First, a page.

The 2+ million square foot facility will house a 30-bed community living center, a 30-bed spinal cord injury/disease center, a 182-bed tertiary, ambulatory care facility, a research building, a central utility plant and parking structures.

The project completion date, originally set for 2015 has been pushed to early 2016.

Steel is all around us. Take a look around your kitchen. From saucepans to cutlery it’s likely you don’t even realize how many everyday things you use are made of steel. Below are some everyday and some not so everyday uses of steel:


Pivoting steel doors lead into Studio Sitges, a house and photography studio in Spain by Olson Kundig


Tolix Marais Barstool


Pivoting steel doors lead into Studio Sitges, a house and photography studio in Spain by Olson Kundig


Stainless steel reusable straws, no more plastic!


Gril Bruvel “Dichotomy”


Nesting Bowls by R+R Handmade. Hand forged out of recycled steel.


Stainless Steel 1-Handle Pull-Down Kitchen Faucet.


BENWOOD, WV – Leveltek International, an industry leader that has been operating and producing stretch leveling equipment for more than 20 years, has been selected by BlueScope, an Australian steel company, to provide state-of-the-art stretch-leveling technology for a new coil plate processing line due to start supply in late 2014.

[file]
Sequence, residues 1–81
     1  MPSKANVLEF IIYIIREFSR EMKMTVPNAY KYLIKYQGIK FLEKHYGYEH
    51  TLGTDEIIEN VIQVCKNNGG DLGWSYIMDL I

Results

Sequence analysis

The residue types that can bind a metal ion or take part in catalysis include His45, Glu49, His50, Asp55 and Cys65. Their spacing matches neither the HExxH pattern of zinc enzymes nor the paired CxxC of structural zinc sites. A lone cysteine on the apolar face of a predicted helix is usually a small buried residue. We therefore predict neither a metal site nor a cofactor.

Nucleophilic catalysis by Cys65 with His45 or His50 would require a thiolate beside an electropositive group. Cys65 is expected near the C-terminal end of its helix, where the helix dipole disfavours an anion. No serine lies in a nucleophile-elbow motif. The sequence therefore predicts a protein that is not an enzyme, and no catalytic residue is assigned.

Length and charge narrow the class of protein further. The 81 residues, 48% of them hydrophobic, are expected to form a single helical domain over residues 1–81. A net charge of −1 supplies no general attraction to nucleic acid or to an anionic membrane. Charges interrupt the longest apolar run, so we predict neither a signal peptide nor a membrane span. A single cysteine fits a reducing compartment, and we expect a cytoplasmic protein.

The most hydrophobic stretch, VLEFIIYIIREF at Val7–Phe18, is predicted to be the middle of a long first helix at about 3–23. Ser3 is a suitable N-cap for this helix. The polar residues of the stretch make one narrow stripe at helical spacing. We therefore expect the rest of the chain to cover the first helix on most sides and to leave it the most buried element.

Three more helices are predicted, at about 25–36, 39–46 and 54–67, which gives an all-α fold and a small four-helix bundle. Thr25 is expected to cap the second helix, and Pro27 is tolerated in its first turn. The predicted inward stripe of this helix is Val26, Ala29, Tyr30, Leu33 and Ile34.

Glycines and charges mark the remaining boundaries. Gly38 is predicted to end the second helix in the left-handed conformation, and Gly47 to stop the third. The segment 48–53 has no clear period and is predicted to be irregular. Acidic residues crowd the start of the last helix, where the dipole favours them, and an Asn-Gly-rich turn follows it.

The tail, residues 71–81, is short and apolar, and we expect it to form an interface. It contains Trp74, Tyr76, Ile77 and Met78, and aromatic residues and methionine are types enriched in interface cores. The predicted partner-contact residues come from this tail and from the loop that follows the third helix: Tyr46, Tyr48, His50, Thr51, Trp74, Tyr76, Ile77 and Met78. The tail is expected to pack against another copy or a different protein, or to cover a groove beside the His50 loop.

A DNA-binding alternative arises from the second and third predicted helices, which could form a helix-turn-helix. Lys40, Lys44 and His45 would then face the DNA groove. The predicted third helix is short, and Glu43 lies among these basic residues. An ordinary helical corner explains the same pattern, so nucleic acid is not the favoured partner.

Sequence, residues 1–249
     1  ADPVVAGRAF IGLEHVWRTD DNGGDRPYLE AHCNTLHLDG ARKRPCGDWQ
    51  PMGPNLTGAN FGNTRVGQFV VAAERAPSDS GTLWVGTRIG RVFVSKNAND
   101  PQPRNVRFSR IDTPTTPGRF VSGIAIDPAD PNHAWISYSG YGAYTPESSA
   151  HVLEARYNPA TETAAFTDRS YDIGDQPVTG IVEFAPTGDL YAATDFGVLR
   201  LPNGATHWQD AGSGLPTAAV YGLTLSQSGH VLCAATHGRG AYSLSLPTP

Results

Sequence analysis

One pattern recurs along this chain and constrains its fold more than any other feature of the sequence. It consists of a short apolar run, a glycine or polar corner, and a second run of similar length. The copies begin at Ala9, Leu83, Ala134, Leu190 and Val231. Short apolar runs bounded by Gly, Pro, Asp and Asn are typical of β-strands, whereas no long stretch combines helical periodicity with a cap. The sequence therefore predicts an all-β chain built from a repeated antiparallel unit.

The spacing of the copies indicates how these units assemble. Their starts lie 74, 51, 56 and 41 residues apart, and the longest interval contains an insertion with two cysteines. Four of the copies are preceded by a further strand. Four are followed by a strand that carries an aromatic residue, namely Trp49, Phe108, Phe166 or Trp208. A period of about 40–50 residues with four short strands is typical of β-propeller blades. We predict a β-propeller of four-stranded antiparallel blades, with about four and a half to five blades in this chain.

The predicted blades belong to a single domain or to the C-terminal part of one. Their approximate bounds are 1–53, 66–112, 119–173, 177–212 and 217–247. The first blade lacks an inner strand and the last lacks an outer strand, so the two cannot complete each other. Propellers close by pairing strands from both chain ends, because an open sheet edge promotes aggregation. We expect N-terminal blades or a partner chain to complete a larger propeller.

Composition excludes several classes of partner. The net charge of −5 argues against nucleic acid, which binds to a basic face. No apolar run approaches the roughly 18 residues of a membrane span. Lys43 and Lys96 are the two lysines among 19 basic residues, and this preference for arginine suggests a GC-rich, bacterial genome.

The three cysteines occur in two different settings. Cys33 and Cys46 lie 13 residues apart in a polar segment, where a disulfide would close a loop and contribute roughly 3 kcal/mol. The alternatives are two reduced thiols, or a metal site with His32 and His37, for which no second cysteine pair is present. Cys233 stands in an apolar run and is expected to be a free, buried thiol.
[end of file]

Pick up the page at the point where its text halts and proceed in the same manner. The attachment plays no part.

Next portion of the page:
BlueScope announced they were investing in Leveltek International’s stretch leveling technology, along with Bradbury’s CTL equipment for a new coil plate processing line May 19. This technology, not used before in BlueScope’s Australian domestic product range, will provide customers with an industry-leading standard of consistently flat and memory free coil plate products.

“Leveltek is honored to be selected by BlueScope, a well respected leader in the steel industry, to help grow their coil plate business,” says Michael Kelly, President of Leveltek International. “For more than 20 years, we have been committed to providing quality and reliable services to our partners. It is a vote of confidence that BlueScope chose Leveltek and we are thrilled to expand our footprint across the globe.”

Ken Liddle, Market Manager for BlueScope says the decision to invest in the new coil plate processing line was made after considerable feedback from their customers. “Our customers have a preference to buy locally made high-quality steel and through this investment we are able to offer them such a product. The flatness and consistency of stretch-leveling is particularly suited to the industry’s growing preference towards laser cutting and will be appreciated by our customers,” says Liddle.